As this Court held in another D.T.P.A. case:
"Bad faith" should be given its ordinary meaning when used in the context of a DTPA case. Smith v. Smith, 757 S.W.2d 422, 427 (Tex.App. — Dallas 1988, writ denied). The DTPA itself offers no definition, hence, we must accept that the legislature intended that the term be used in its ordinary sense. Id. To prove "bad faith," the appellee must have shown that the claim by Elbaor was motivated by a malicious or discriminatory purpose. Central Texas Hardware v. First City, 810 S.W.2d 234, 237 (Tex.App. — Houston [14th Dist.] 1991, n.w.h.).
The term "bad faith" is not simply bad judgment or negligence, but rather it implies the conscious doing of a wrong because of dishonest purpose or moral obliquity. See BLACK'S LAW DICTIONARY 127 (5th ed. 1979).
Elbaor v. Sanderson, 817 S.W.2d 826, 829 (Tex.App. — Fort Worth 1991, no writ).
Stites testified at the sanctions hearing that he has been licensed for fifteen years, and received his Board Certification in Family Law from the Texas Board of Legal Specialization in 1984. Seventy-five percent of his practice involves contested family law. Stites admitted that on two occasions prior to filing the counter-petition in the instant case, he had filed two other lawsuits in Tarrant County courts in which he had asserted the claim of interference and impairment with familial relations. Stites conceded that both of these lawsuits were eventually unsuccessful and were dismissed by the trial court; however, the record before us is unclear regarding the dates of the dismissals of these lawsuits.
Stites acknowledged that during Stites's prior deposition Gillum's counsel asked him "Could the factual allegations made against Dr. Gillum be classified under alienation of affections?" and Stites had answered "I don't know." Whereupon counsel had asked "Why don't you know?" and Stites had responded "I never considered it." At trial, Stites attempted to explain this statement by saying he had in fact considered several other legal authorities when he filed the counter-petition.
Joseph McKnight testified as an expert in the field of family law. Professor McKnight has been on the faculty of Southern Methodist University School of Law since 1955, and actively studies and researches family law issues. He stated he had reviewed the pleadings in the case at bar and the depositions of Robert Stites and Ellen Kirkham, and had listened to the testimony that Stites gave at the sanctions hearing. At the hearing, Professor McKnight analyzed the legal authorities which Stites testified he relied upon in filing the counter-petition, and McKnight found that none of these authorities supported a viable cause of action in Texas. Professor McKnight opined that he would characterize the allegations against Gillum as a suit for alienation of affections, which would fall under section 4.06 of the Family Code. He testified that in his expert opinion, the cause of action filed by Stites is groundless in light of section 4.06 of the Family Code, and he was not aware of any case in Texas which supports a cause of action such as that alleged in the counter-petition, and there is not any basis in law for such a suit.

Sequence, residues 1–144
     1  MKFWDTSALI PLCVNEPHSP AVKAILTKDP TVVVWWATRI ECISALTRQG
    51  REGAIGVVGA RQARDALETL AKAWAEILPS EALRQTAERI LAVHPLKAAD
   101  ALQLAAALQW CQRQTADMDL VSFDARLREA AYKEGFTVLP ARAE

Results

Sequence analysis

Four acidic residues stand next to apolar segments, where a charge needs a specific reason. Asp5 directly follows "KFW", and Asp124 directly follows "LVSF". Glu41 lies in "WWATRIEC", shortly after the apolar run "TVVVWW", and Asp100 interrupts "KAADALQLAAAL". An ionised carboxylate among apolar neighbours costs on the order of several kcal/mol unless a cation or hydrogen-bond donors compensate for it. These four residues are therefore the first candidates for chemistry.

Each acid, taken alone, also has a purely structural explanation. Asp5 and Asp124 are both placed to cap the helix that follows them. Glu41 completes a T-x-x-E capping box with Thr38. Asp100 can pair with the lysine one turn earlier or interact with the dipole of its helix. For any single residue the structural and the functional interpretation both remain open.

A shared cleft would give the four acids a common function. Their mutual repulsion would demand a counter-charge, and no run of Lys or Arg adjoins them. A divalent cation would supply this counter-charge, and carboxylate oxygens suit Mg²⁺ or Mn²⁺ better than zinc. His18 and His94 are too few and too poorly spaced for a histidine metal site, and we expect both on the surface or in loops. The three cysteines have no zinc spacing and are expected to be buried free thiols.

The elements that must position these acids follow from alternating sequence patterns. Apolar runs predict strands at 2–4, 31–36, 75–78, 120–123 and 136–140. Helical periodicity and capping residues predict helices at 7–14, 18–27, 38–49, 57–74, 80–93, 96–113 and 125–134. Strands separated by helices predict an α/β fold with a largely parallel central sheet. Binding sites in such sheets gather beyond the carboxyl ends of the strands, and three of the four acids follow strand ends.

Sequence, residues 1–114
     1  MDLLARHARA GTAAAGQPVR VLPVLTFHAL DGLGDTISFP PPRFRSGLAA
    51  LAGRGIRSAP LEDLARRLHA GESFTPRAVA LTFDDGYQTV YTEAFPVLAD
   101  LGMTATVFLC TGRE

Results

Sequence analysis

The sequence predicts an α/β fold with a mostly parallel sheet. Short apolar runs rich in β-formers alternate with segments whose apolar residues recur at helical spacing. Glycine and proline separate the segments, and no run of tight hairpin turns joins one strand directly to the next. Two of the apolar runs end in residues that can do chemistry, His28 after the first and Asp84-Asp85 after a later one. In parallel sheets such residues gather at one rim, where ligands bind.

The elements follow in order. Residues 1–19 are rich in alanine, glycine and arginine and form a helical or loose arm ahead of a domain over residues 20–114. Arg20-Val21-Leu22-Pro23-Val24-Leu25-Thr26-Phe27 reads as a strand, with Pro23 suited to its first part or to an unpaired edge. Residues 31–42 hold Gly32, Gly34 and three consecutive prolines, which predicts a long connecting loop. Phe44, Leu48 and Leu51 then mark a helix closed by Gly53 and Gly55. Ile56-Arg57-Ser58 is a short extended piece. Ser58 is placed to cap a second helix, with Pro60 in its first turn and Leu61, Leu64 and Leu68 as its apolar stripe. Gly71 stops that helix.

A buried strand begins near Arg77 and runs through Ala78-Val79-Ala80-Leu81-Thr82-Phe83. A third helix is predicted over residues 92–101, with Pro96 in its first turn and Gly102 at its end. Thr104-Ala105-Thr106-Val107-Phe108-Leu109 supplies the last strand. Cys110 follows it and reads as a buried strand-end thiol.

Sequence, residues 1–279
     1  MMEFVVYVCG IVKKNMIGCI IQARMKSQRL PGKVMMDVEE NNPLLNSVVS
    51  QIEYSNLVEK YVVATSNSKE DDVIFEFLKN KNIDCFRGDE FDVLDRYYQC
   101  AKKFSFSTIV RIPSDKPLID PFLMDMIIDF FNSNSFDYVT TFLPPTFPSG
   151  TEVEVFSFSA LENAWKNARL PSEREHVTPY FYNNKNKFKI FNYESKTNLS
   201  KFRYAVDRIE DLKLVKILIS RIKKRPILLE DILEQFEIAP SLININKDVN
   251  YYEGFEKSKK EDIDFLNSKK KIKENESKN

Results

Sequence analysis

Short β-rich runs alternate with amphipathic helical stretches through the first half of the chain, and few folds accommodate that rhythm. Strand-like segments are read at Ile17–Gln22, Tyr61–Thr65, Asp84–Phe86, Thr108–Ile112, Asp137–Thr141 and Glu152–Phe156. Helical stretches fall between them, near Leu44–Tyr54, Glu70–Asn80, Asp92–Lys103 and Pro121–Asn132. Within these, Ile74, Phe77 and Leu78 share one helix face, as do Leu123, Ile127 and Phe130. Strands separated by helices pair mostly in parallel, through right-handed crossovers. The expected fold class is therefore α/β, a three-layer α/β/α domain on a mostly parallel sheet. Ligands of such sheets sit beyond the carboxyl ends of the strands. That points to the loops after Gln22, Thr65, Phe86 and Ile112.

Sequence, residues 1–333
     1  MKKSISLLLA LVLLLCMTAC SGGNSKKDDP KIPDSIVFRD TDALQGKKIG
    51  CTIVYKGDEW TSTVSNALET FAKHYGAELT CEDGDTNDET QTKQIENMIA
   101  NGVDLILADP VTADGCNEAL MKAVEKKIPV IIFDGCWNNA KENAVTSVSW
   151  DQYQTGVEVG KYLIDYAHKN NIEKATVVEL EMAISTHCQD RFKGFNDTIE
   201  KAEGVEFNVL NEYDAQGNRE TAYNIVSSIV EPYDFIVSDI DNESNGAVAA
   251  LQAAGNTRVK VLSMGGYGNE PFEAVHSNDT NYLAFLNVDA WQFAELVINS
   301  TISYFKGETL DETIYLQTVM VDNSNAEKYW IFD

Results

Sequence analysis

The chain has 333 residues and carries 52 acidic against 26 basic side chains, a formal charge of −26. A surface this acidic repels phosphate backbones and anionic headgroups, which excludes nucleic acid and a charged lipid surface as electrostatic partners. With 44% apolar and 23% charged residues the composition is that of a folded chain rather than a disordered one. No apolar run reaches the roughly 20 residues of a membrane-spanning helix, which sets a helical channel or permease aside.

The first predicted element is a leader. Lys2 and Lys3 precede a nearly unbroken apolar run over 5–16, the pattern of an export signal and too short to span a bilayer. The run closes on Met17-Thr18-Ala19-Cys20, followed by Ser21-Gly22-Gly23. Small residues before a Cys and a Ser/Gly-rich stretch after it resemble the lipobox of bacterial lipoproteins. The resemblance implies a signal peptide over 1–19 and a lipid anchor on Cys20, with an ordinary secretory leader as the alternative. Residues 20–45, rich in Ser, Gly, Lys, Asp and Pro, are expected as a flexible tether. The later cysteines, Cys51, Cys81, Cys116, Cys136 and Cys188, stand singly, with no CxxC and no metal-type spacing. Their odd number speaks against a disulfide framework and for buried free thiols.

Toby Goodman testified on behalf of Stites. Goodman is an attorney in Tarrant County, and his practice consists of approximately seventy percent contested family law litigation. Goodman reviewed basically all the material discussed by Professor McKnight. When Goodman was asked by Stites whether there is a cause of action that Ellen Kirkham has against Gillum insofar as the material which Goodman reviewed, he replied:
I'm not sure there's a cause of action. I think there's an argument to be made that there is a good faith extension of existing law, that Ms. Kirkham would have had a cause of action based on her affidavit had it possibly been pled a little differently than it was pled, although I do believe that it is contained within your pleadings concerning
the intentional infliction of emotional distress. [Emphasis supplied.]
Soon thereafter, Goodman was asked by Stites whether the affidavits set forth a cause of action against Gillum, and he responded:
I'm not sure it sets forth a cause of action but I think it sets forth the basis of a cause of action. And I, like Dr. McKnight, have not seen that specifically pled, but believe that if someone makes certain types of statements to a third party, that could give rise to the basis of a cause of action. [Emphasis supplied.]
Goodman concluded his testimony with his opinion that when the Legislature (of which he is a freshman member) enacted sections 4.05 and 4.06 of the Family Code, it did not intend to abolish all causes of action concerning intentional conduct of a third party directed to a spouse. He conceded, however, that he had not been a member of the Legislature at the time sections 4.05 and 4.06 were enacted. Goodman stated the Family Code sections speak for themselves and are a public policy statement of the State of Texas that there should not be a viable cause of action for "alienation of affections where you have a person enticing a spouse out of a marriage relationship."